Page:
Wednesday, October 13, 2010

Terms in FORUM


The moderators (short singular form: "mod") are users (or employees) of the forum who are granted access to the posts and threads of all members for the purpose of moderating discussion (similar to arbitration) and also keeping the forum clean (neutralizing spam and spambots etc.). Because they have access to all posts and threads in their area of responsibility, it is common for a friend of the site owner to be promoted to moderator for such a task. Moderators also answer users' concerns about the forum, general questions, as well as respond to specific complaints. They also can do anything to lend a helping hand to a user in need. Moderators themselves may have ranks: some may be given mod privileges over only a particular topic or section, while others (called 'global' or 'super') may be allowed access anywhere. Common privileges of moderators include: deleting, merging, moving, and splitting of posts and threads, locking, renaming, stickying of threads, banning, suspending, unsuspending, unbanning, warning the members, or adding, editing, removing the polls of threads. 'Junior Modding' or 'Backseat Modding' can refer negatively to the behavior of ordinary users who take a moderator-like tone in criticizing other members.

Essentially, it is the duty of the moderator to manage the day-to-day affairs of a forum or board as it applies to the stream of user contributions and interactions. The relative effectiveness of this user management directly impacts the quality of a forum in general, its appeal, and its usefulness as a community of interrelated users.


The administrators (short form: "admin") manage the technical details required for running the site. As such, they may promote (and demote) members to moderators, manage the rules, create sections and sub-sections, as well as perform any database operations (database backup etc.). Administrators often also act as moderators. Administrators may also make forum-wide announcements, or change the appearance (known as the skin) of a forum.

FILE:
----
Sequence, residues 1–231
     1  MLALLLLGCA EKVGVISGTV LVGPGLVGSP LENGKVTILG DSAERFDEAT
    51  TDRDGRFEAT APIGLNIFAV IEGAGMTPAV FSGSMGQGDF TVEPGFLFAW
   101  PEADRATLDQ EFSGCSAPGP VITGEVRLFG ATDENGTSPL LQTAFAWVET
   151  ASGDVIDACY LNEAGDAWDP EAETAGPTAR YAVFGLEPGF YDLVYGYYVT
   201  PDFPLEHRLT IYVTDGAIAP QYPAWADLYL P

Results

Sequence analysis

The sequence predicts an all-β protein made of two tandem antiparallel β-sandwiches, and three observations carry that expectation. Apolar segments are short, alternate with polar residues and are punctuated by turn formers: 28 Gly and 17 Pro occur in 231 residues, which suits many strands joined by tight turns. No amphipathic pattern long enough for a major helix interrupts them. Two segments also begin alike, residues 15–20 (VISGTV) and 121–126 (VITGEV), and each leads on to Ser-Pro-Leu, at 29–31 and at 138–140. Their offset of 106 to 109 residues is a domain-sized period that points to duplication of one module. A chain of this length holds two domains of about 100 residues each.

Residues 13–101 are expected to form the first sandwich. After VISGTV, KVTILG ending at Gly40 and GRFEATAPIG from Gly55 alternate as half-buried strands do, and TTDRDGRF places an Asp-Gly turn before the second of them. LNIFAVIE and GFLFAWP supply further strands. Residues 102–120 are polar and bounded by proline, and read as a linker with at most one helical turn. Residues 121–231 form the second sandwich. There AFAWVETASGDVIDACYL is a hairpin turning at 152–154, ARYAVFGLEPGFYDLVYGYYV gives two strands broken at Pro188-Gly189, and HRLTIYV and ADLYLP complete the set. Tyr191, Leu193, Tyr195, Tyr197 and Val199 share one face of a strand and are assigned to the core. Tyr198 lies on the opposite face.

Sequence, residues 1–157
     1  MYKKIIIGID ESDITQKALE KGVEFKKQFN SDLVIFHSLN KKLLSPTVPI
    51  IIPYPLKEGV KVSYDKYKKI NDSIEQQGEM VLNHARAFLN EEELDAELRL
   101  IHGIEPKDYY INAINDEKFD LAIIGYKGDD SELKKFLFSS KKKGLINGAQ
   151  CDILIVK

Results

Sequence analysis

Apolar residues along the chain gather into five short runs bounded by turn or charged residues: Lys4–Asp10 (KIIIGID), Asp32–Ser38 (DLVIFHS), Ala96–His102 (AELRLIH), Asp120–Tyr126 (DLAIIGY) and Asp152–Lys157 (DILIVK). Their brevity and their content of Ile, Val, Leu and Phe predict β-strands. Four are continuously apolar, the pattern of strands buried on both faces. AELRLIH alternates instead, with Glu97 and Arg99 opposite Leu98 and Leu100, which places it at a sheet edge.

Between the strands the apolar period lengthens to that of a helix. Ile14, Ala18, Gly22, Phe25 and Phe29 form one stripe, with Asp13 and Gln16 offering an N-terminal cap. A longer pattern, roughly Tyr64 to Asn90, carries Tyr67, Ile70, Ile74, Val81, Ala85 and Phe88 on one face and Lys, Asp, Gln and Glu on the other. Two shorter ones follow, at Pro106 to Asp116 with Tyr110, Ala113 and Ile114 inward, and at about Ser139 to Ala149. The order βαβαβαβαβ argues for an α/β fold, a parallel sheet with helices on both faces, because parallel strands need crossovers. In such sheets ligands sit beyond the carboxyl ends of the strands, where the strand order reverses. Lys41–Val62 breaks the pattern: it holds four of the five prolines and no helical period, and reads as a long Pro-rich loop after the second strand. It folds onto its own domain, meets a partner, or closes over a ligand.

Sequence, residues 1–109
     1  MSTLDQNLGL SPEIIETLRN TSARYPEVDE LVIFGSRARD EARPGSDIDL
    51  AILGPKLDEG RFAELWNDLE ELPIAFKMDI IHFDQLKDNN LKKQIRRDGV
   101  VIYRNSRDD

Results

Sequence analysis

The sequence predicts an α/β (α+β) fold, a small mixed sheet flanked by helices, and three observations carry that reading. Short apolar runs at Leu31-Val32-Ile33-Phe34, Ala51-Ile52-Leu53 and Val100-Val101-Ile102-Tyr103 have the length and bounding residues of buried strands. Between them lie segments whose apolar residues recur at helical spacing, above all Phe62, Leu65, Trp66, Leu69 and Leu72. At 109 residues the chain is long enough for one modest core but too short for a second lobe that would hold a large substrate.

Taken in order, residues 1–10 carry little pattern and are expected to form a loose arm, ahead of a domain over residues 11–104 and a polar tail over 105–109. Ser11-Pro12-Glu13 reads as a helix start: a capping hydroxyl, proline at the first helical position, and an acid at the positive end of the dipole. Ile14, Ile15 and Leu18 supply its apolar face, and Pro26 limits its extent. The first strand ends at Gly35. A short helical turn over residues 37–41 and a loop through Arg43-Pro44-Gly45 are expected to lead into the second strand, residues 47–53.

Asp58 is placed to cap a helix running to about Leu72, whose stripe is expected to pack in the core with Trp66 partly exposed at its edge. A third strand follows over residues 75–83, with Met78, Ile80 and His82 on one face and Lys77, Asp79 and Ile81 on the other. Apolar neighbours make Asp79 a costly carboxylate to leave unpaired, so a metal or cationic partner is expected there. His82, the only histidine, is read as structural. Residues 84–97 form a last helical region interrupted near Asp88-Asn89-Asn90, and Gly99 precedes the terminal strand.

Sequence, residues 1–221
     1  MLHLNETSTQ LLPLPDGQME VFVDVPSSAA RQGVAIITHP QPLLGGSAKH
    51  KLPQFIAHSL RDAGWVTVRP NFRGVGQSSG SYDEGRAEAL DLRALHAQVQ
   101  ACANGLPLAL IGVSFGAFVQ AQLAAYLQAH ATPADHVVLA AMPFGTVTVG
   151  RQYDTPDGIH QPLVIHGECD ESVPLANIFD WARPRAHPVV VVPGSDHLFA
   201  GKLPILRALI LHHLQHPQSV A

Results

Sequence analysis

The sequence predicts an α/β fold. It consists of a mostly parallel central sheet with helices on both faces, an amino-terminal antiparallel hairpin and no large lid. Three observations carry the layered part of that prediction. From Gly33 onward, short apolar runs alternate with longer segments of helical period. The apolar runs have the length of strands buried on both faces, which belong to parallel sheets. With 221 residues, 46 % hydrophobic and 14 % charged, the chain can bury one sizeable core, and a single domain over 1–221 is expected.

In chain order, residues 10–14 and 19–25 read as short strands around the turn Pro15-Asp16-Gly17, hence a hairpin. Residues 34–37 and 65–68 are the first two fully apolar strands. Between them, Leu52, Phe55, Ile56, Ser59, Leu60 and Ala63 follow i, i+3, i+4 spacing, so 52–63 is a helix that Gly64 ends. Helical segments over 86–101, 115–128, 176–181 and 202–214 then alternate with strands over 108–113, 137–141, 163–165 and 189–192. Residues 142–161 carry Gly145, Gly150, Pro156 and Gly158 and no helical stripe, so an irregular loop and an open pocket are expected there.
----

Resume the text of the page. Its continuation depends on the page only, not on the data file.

The term prune used extensively in administration panels is synonymous with delete or remove. The term comes from pruning, the practice of removing diseased, non-productive, or otherwise unwanted portions from a plant.


A post is a user submitted message enclosed into a block containing the user's details and the date and time it was submitted. Members are usually allowed to edit or delete their own posts. Posts are contained in threads, where they appear as boxes one after another. The first post starts the thread; this may be called the TS (thread starter) or OP (original post). Posts that follow in the thread are meant to continue discussion about that post, or respond to other replies; it is not uncommon for discussions to be derailed.

On Western forums, the classic way to show a member's own details (such as name and avatar) has been on the left side of the post, in a narrow column of fixed width, with the post controls located on the right, at the bottom of the main body, above the signature block. In more recent forum software implementations the Asian style of displaying the members' details above the post has been copied.

Posts have an internal limit usually measured in characters. Often one is required to have a message of minimum length of 10 characters. There is always an upper limit but it is rarely reached – most boards have it at either 10,000, 20,000, 30,000 or 50,000 characters.

Most forums keep track of a user's postcount. The postcount is a measurement of how many posts a certain user has made. Users with higher postcounts are often considered more reputable than users with lower postcounts. However, some forums have disabled postcounts in the hopes that doing so will reduce the emphasis on quantity over quality of information.


A thread (sometimes called a topic) is a collection of posts, usually displayed from oldest to latest, although this is typically configurable: options for newest to oldest and for a threaded view (a tree-like view applying logical reply structure before chronological order) can be available. A thread is defined by a title, an additional description that may summarize the intended discussion, and an opening or original post (common abbreviation 'OP', which can also mean original poster) which opens whatever dialogue or makes whatever announcement the poster wished. A thread can contain any number of posts, including multiple posts from the same members, even if they are one after the other.

A thread is contained in a forum, and may have an associated date which is taken as the date of the last post (options to order threads by other criteria are generally available). When a member posts in a thread it will jump to the top since it is the latest updated thread. Similarly, other threads will jump in front of it when they receive posts. When a member posts in a thread for no reason but to have it go to the top, it is referred to as a bump or bumping. Threads which are important but rarely receive posts are stickyed (or, in some software, 'pinned'). A sticky thread will always appear in front of normal threads, often in its own section.

A thread's popularity is measured on forums in reply (total posts minus one – the opening post) counts. Some forums also track page views. Threads meeting a set number of posts or a set number of views may receive a designation such as "hot thread" and be displayed with a different icon compared to others threads. This icon may stand out more to emphasize the thread.

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